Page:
Monday, June 20, 2005

Another Republican Senator Breaks Ranks With Bush Administration

Sen. Chuck Hagel (R-NE) is the latest Republican leader to break ranks with the Bush Administration, calling the administration's Iraq policy "disconnected from reality."

Hagel, in an interview in the June 27 issue of U.S. News & World Report, said he's angered by the 1,700 U.S. soldiers dead and nearly 13,000 wounded in Iraq. But he's also aggravated by the Bush Administration's never-ending propaganda campaign -- telling Americans to ignore their television sets and agree with their sunny assessments of the war.

"Things aren't getting better; they're getting worse. The White House is completely disconnected from reality," Hagel told the magazine. "It's like they're just making it up as they go along. The reality is that we're losing in Iraq. ... More and more of my colleagues up here are concerned."


That makes 10 Republican Senators who have spoken out -- dare I say, taken "leadership positions" -- against the Bush Administration in less than a month. It's a list that covers topics such as whether to close the Guantanamo Bay detention center, protecting U.S. consumers from the administration's drug industry pals, and preventing Bush lackey Bill Frist (R-TN) from being able to employ the "nuclear option," upending the Senate's rules on filibusters.

The list of 10, if you are scoring at home, is now:

-- John McCain of Arizona
-- Mel Martinez of Florida
-- Charles Grassley of Iowa
-- Olympia Snowe and Susan Collins of Maine
-- Mike DeWine of Ohio
-- Lincoln Chafee of Rhode Island
-- Lindsey Graham of South Carolina
-- John Warner of Virginia

Critics of criticism -- that rare brand of conservative who believes in free speech only when it's tied to some sort of loyalty oath -- would identify the New England Senators as "liberal Republicans" (gasp), and DeWine, Graham, Hagel and McCain as possible 2008 presidential candidates (harrumph).

Let's not be naive. While politicians want to keep one eye on their constituent's best interests, they're keeping the other eye, both ears, their nose, mouth, arms, legs and tushy on their viability as elected officials.

The "you're with us or you're un-American" attitude of the Bush administration works better when Bush's popularity is soaring. It's not right now. And on issues like the rising cost -- financial and human -- of Iraq, and our treatment of detainees at Gitmo, Bush's popularity has fallen to very uncomfortable levels. Abandon the ship levels.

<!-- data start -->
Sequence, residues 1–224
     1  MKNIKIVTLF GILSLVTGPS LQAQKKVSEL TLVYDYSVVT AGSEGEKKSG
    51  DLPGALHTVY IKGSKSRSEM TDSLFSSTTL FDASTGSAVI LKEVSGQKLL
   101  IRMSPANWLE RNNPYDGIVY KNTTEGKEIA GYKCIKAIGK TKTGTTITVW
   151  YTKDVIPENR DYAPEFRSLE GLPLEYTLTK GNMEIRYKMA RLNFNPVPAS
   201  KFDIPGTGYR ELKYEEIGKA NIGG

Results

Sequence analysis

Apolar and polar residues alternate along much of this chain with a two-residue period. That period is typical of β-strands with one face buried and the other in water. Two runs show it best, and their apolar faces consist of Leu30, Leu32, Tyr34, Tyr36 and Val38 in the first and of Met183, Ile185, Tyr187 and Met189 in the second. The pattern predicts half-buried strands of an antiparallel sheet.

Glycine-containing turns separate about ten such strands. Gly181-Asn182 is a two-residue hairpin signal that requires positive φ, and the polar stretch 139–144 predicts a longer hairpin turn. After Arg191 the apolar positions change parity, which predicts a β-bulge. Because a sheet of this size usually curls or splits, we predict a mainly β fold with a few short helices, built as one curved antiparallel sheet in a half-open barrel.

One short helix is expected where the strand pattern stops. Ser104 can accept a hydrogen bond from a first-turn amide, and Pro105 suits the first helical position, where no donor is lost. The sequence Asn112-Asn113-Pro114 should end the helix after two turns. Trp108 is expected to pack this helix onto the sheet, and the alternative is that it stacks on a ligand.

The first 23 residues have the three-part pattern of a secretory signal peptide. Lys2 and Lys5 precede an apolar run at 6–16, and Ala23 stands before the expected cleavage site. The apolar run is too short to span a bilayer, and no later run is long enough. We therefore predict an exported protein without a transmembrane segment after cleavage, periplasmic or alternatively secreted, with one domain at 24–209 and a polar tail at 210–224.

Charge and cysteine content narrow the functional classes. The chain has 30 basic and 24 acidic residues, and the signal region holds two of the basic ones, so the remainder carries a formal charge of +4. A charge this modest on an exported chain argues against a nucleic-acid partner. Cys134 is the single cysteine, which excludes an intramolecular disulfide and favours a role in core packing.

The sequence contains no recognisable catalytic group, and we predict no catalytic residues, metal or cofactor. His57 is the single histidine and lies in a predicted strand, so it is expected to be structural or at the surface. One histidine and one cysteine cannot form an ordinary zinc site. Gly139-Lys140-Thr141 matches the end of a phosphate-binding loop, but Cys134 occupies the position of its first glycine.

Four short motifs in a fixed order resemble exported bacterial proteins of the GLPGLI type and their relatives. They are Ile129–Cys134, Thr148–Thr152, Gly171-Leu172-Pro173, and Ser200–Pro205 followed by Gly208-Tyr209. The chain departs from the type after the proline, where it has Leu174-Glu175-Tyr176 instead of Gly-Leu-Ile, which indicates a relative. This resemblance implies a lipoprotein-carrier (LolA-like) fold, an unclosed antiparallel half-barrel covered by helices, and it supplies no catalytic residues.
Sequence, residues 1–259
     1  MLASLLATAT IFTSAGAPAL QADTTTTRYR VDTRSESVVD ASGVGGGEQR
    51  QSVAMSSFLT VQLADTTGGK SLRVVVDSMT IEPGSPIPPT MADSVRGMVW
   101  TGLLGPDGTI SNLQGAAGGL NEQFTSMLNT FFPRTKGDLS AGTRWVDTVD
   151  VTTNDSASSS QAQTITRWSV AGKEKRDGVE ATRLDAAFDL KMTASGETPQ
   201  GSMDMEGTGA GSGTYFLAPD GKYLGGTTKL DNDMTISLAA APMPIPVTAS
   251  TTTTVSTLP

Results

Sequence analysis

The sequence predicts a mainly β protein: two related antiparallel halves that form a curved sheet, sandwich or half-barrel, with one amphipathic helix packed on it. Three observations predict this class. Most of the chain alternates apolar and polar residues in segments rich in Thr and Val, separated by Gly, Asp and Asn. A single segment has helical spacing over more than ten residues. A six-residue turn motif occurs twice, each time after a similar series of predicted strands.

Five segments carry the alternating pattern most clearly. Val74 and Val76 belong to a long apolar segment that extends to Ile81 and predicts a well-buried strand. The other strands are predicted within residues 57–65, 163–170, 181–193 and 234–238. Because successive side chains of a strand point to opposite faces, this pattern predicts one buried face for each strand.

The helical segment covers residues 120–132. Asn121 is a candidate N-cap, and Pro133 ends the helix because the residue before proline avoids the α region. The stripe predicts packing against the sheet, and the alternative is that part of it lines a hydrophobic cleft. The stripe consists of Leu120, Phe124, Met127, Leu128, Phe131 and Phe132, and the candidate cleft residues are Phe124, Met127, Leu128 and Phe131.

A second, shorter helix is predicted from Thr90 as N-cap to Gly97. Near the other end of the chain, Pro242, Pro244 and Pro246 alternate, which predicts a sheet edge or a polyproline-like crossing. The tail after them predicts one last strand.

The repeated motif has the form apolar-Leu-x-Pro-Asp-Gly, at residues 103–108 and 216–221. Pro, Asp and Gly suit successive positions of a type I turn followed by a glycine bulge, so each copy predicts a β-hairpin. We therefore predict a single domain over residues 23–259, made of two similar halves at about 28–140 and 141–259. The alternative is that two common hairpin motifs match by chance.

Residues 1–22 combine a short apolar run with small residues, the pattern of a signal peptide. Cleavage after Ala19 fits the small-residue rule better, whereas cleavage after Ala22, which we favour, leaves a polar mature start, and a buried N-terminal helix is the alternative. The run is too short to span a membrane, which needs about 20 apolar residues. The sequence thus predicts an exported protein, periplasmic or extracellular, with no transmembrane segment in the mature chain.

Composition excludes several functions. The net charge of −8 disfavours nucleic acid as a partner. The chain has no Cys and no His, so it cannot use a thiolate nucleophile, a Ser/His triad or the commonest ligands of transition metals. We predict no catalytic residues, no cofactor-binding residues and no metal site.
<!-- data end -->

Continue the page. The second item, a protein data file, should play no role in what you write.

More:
Of course, 10 out of 55 is still a modest number. And on key issues like Iraq, don't expect the White House to stray from its "my way or the highway approach."

The White House has planned a new public-relations push by the president to shore up support for the Iraq War. During his weekly radio address on June 18, Bush once again seamlessly weaved together the "war on terror" with the Iraq War:

BUSH: We went to war because we were attacked, and we are at war today because there are still people out there who want to harm our country and hurt our citizens. Some may disagree with my decision to remove Saddam Hussein from power, but all of us can agree that the world's terrorists have now made Iraq a central front in the war on terror. ... The terrorists know they cannot defeat our troops, so they seek to weaken our nation's resolve. They know there is no room for them in a free and democratic Middle East, so the terrorists and insurgents are trying to get us to retreat.

It's a classic Bush text from the Karl Rove/Frank Luntz school of imagemaking. Bush doesn't want to spell out that we were attacked by Al Qaeda terrorists, nearly all of whom were Saudi, headed by Osama bin Laden, who is still at large, and apparently financed in part by Iran.

Bushspeak allows for bait-and-switch. Al Qaeda becomes morphed into the Iraqi insurgency. Why are we at war with Iraq? Because "the world's terrorists have now made Iraq a central front in the war on terror." It may be a self-fulfilling prophecy, but it's red meat for Bush's conservative following. Why should we support the Bush plan in Iraq? Not because Bush has a sound exit strategy, but because the terrorists "seek to weaken our nation's resolve."

The public relations offensive also includes a June 28 meeting with Iraqi Prime Minister Ibrahim Jafari -- that's the anniversary of the handover of power to an Iraqi government from U.S. authorities.

But Republicans like Hagel say they are tired of public relations. They want results.

"If things don't start to turn around in six months, then it may be too late," Hagel told US News & World Report. "I think it's that serious."


Blogger Shadow said...

Never mind the fact that Iraq was not a haven for terrorists until we invaded.